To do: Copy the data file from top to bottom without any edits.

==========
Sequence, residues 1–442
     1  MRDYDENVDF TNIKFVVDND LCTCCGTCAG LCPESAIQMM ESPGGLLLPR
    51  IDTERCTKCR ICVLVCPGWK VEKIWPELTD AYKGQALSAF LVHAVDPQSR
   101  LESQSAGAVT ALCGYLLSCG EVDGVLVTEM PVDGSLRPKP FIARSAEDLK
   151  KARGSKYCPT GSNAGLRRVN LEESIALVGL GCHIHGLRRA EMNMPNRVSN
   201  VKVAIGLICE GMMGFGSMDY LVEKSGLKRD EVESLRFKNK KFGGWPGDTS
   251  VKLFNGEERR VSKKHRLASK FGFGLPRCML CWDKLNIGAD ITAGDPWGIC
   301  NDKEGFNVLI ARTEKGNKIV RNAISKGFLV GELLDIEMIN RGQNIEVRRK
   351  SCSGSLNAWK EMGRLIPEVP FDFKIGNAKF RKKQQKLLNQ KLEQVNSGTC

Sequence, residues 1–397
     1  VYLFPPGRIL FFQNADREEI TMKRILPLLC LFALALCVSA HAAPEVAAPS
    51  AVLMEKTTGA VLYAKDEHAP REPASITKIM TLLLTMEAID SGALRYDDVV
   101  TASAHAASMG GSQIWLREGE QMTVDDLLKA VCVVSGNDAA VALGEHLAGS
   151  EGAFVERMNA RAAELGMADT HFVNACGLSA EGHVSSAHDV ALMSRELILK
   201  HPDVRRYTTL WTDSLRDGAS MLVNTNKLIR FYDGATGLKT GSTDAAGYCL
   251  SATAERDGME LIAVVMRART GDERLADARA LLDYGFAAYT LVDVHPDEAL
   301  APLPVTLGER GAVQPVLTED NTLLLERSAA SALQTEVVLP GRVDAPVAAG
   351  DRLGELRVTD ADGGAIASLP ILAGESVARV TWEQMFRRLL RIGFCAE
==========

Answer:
Sequence, residues 1–442
     1  MRDYDENVDF TNIKFVVDND LCTCCGTCAG LCPESAIQMM ESPGGLLLPR
    51  IDTERCTKCR ICVLVCPGWK VEKIWPELTD AYKGQALSAF LVHAVDPQSR
   101  LESQSAGAVT ALCGYLLSCG EVDGVLVTEM PVDGSLRPKP FIARSAEDLK
   151  KARGSKYCPT GSNAGLRRVN LEESIALVGL GCHIHGLRRA EMNMPNRVSN
   201  VKVAIGLICE GMMGFGSMDY LVEKSGLKRD EVESLRFKNK KFGGWPGDTS
   251  VKLFNGEERR VSKKHRLASK FGFGLPRCML CWDKLNIGAD ITAGDPWGIC
   301  NDKEGFNVLI ARTEKGNKIV RNAISKGFLV GELLDIEMIN RGQNIEVRRK
   351  SCSGSLNAWK EMGRLIPEVP FDFKIGNAKF RKKQQKLLNQ KLEQVNSGTC

Sequence, residues 1–397
     1  VYLFPPGRIL FFQNADREEI TMKRILPLLC LFALALCVSA HAAPEVAAPS
    51  AVLMEKTTGA VLYAKDEHAP REPASITKIM TLLLTMEAID SGALRYDDVV
   101  TASAHAASMG GSQIWLREGE QMTVDDLLKA VCVVSGNDAA VALGEHLAGS
   151  EGAFVERMNA RAAELGMADT HFVNACGLSA EGHVSSAHDV ALMSRELILK
   201  HPDVRRYTTL WTDSLRDGAS MLVNTNKLIR FYDGATGLKT GSTDAAGYCL
   251  SATAERDGME LIAVVMRART GDERLADARA LLDYGFAAYT LVDVHPDEAL
   301  APLPVTLGER GAVQPVLTED NTLLLERSAA SALQTEVVLP GRVDAPVAAG
   351  DRLGELRVTD ADGGAIASLP ILAGESVARV TWEQMFRRLL RIGFCAE